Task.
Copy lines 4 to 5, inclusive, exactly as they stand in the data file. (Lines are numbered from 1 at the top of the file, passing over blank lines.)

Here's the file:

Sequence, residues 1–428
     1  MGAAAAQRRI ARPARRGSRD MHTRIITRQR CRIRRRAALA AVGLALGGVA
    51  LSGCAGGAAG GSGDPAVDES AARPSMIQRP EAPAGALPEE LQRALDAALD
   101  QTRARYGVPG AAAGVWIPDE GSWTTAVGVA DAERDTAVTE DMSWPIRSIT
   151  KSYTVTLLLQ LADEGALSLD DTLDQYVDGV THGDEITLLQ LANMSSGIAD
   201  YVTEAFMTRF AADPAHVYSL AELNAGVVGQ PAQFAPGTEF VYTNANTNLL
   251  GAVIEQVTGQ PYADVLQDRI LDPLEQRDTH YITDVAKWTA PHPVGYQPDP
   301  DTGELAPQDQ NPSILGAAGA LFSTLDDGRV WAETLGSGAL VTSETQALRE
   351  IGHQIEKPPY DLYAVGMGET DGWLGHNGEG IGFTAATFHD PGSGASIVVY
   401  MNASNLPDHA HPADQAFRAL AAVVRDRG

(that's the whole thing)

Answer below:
   101  QTRARYGVPG AAAGVWIPDE GSWTTAVGVA DAERDTAVTE DMSWPIRSIT
   151  KSYTVTLLLQ LADEGALSLD DTLDQYVDGV THGDEITLLQ LANMSSGIAD